Pinterest Privacy: What’s to Come?

In today’s digital world, communications and consumers move quicker than ever before. Once something is said or done, it’s hard to put that genie back in the box.   As king of the hill, Pinterest naturally faces a lot of challengers – but by voicing certain shortcomings of the site they may soon face a major challenge.

They recently began curtailing the number of spammers and fake accounts on its system in an effort to clear its platform of unwanted elements.  There were major adjustments – and then they chose to start testing secret boards amidst very high-profile attention. Pinterest said “the holidays were a perfect time to test one of our most frequently-requested features: secret boards!”

Is Pinterest saying it’s ok to hide your gift requests, or likes and dislikes only for the holidays? In trying to be all things to all people and please consumers during the holidays, Pinterest is inviting a lot of criticism – which could escalate into a larger issue. By only allowing users to create up to three of these Secret Boards (which won’t show up anywhere else in Pinterest), you’ll need to delete one or make one public before you can create another. You also can’t transfer any of your existing pins – far from ideal.

Now that users have been given a taste of ‘privacy on the internet,’ many will want a lot more of it. And that creates a fundamental challenge to Pinterest, because a large part of their strength is in the social reach and infrastructure that gives users – including businesses – a very public and visual platform to broadcast the things they like or that inspire them.

Pinterest depends on its public façade – hence by acknowledging the “privacy” issue, they face a tough decision.  It’s now near impossible to blend social sharing with privacy; it’s either one or the other, if you want to do it right. The genie is out of the box – and by launching Secret Boards, Pinterest has helped to shine the spotlight on private bookmarking platforms which guarantee unlimited privacy and focus more on the needs of the user, rather than social relevance.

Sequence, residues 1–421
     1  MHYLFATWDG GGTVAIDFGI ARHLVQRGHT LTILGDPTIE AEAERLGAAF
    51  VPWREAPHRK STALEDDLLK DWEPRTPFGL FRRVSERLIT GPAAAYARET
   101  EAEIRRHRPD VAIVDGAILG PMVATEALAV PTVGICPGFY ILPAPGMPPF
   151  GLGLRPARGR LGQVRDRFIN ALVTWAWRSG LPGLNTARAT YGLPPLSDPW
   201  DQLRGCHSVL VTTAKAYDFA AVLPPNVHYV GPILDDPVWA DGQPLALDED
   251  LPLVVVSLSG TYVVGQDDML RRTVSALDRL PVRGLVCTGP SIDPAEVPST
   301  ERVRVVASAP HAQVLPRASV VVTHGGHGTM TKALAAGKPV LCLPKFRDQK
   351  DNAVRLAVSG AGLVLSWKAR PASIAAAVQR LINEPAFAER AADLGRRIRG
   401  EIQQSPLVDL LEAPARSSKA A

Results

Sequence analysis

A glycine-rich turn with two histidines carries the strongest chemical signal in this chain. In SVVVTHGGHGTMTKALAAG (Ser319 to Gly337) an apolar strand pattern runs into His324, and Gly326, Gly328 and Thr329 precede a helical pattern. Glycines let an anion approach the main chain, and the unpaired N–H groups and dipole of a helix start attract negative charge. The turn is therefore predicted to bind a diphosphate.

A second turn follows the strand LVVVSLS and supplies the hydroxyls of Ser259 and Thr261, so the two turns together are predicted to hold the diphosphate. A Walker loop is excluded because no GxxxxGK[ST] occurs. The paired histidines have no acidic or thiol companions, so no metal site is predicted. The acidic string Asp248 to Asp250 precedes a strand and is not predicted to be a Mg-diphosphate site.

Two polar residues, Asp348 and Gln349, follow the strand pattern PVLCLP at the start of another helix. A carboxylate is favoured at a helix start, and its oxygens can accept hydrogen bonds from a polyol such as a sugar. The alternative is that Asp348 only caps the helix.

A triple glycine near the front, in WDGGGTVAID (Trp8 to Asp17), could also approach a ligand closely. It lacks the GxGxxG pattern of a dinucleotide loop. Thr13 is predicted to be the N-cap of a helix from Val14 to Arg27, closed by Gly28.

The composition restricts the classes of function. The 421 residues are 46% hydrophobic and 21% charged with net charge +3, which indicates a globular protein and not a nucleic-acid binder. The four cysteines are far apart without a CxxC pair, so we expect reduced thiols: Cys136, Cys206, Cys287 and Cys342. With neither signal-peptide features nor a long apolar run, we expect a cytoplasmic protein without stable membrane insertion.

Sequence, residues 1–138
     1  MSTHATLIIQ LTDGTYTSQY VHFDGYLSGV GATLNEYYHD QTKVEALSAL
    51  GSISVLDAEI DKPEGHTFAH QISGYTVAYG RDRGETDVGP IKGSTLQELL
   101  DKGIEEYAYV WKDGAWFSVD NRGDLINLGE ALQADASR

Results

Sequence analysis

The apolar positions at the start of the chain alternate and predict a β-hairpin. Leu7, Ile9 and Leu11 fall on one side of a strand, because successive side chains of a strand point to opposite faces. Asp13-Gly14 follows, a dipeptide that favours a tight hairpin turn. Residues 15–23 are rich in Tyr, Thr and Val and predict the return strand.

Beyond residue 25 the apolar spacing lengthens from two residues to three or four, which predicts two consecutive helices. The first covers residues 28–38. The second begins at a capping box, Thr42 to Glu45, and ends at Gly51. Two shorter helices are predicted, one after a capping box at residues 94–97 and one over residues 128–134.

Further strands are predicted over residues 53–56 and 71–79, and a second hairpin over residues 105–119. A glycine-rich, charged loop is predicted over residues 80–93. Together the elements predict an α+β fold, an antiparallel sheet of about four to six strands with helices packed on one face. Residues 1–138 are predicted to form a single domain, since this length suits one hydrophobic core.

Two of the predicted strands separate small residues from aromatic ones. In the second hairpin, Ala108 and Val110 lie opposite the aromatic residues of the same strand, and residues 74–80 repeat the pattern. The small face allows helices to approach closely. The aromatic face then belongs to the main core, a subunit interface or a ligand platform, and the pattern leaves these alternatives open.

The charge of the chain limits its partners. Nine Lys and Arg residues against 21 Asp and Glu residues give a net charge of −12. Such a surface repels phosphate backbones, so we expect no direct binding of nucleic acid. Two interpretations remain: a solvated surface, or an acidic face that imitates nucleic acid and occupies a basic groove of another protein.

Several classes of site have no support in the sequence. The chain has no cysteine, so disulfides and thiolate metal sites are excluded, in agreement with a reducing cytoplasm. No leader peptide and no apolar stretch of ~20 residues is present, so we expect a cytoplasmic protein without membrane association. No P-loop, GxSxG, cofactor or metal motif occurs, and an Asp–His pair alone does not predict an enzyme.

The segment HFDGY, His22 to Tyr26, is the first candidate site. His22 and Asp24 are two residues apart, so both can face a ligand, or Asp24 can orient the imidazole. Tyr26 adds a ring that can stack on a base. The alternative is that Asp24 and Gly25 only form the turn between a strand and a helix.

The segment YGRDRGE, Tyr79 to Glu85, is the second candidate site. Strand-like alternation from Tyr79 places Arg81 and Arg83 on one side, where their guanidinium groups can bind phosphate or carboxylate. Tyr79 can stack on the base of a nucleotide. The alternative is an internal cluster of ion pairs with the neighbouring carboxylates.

There are other platforms – like Clipix.com – an online tool that organizes digital content in people’s lives – and enables privacy without limitations. Clipix allows people to save links, documents, photos and video with one click, and provide a visual and organized environment for all of the things they want to keep track of online. It even allows users to share all of that content with the people they want – all in a private and personalized manner.

It’s one of the reasons Clipix.com has been called a practical, usable Pinterest – fulfilling a very large demand in the digital marketplace.  And when Pinterest publicly admitted that privacy was so sorely desired that they created it they may be forced with a decision on which direction to take the business. Because of its success as a global social sharing medium, platforms such as Clipix will continue to thrive in a world where privacy on the internet is a rare commodity.

People love Pinterest, but they also love privacy – without any limitations. Business moves faster than ever before – certainly something at 5WPR we all understand.